“In other words, 84% of the market’s constituents are zapped down to 20% of its market cap,” he adds. “By definition, active managers prepared to move away from the index and play more heavily in the mid- and small-cap spaces will be giving themselves exposure to a much bigger opportunity set.”

McDermott makes the point that the UK mid-cap sector has seen strong performance because of the quality of active managers focused on the market. He says: “We have some very good active managers in the mid- and small-cap spaces: some of the best stockpickers in the world who really know their home market inside out. They consistently add value.”

Lowcock makes a similar point. He says: “The UK fund management industry has been exceptional at finding opportunities in this space. Some of this is because the mid-cap sector in the UK is still just too small for many of the largest asset managers and institutions.”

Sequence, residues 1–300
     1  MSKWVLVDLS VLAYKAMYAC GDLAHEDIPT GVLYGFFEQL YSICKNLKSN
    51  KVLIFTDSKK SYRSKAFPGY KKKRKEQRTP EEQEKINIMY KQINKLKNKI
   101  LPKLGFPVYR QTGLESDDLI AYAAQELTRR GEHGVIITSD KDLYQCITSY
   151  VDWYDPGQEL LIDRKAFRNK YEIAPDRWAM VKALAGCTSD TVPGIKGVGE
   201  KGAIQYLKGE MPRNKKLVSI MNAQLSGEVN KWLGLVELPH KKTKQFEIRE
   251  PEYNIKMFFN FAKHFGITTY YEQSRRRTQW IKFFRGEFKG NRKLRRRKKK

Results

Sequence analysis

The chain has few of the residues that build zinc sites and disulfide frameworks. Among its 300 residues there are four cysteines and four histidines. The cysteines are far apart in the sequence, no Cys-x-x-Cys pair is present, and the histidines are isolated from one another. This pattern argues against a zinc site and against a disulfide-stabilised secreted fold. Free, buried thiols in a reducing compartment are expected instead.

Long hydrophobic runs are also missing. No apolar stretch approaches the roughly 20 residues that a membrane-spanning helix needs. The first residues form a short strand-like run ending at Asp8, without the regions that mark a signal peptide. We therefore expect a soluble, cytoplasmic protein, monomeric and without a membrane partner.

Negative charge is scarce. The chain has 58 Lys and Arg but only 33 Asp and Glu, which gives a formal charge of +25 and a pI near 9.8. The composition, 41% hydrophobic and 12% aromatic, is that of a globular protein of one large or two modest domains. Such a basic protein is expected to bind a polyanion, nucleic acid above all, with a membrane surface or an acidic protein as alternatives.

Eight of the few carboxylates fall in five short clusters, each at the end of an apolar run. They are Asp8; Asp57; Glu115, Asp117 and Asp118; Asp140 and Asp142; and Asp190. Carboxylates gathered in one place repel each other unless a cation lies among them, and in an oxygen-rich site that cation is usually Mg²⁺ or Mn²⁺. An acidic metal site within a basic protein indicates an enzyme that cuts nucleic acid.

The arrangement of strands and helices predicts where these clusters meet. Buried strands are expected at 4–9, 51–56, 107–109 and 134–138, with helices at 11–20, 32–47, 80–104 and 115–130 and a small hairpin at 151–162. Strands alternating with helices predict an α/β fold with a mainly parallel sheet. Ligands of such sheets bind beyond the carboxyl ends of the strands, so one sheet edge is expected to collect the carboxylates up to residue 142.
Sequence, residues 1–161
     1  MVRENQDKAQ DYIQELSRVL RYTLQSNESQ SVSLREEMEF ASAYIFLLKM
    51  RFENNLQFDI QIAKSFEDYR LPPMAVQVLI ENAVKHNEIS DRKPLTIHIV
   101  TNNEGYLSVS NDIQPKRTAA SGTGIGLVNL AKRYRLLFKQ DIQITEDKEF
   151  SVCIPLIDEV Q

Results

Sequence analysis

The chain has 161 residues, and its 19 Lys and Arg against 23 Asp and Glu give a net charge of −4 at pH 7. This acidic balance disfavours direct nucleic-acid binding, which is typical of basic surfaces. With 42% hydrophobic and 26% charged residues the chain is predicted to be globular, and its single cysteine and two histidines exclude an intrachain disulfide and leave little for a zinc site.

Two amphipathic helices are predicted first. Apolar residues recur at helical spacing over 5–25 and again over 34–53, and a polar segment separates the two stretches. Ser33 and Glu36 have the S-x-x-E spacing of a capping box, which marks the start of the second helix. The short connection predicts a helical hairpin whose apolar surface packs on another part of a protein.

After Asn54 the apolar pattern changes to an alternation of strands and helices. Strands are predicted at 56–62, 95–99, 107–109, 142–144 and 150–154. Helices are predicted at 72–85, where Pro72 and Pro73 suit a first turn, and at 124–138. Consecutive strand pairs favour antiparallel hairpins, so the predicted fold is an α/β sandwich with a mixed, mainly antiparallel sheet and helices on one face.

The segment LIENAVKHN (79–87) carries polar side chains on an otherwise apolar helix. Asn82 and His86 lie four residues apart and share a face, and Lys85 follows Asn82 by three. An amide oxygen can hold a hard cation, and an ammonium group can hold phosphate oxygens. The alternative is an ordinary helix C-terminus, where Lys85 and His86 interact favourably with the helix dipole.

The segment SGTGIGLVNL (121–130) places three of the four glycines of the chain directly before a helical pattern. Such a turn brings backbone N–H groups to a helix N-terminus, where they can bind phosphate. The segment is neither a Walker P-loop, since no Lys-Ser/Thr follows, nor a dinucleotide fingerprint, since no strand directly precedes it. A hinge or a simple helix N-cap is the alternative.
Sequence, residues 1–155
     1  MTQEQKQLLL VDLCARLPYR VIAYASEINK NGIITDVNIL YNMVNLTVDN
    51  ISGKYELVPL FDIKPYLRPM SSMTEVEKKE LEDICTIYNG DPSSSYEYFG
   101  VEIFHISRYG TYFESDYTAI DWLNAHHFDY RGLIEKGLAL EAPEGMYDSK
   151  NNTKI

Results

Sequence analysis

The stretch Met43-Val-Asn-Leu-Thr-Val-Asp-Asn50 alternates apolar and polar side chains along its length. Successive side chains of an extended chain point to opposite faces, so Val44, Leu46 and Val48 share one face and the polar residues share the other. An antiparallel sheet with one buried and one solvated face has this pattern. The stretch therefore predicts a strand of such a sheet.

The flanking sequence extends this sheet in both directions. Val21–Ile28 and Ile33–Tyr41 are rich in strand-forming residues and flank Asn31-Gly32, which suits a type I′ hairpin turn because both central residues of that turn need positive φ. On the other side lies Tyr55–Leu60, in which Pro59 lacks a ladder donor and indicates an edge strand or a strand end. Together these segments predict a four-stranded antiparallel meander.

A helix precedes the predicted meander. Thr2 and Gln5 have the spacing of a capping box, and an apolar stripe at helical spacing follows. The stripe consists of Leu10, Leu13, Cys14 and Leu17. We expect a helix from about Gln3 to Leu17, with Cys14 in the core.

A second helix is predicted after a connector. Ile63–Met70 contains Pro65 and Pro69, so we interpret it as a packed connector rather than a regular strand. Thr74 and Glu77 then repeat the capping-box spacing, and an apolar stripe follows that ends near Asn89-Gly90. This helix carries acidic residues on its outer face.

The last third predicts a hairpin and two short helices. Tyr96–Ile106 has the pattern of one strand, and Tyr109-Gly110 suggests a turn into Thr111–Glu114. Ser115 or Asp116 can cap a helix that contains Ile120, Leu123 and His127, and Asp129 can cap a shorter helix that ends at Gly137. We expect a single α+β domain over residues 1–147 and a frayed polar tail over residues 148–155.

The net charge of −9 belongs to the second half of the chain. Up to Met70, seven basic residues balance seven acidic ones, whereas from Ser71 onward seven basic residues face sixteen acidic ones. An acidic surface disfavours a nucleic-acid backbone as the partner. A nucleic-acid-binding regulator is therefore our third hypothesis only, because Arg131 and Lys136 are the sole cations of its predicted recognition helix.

Smaller company stars

The Morningstar UK mid-cap sector has a success rate of 77.8%. The closest equivalent to that in terms of Investment Association sectors is the smaller companies sector.

Over the past 10 years this sector has produced an average return of 229%, making it the third best-performing IA sector.

Topping the table was Merian UK Smaller Companies, which returned 414% over 10 years. Note that investors in Marlborough UK Micro Cap Growth and LF Gresham House UK Micro Cap would be unable to access many of their constituent holdings via a passive fund anyway, because they are listed on the Alternative Investment Market, for which no tracker or ETF exists.

UK smaller company top performers

Fund 10-year
return (%)
Merian UK Smaller Companies 414
TB Amati UK Smaller Companies 403
Marlborough UK Micro Cap Growth 350
LF Gresham House UK Micro Cap 351
UK smaller companies sector average 229

Source: Morningstar Direct, as at 17 December 2019

Beaten bonds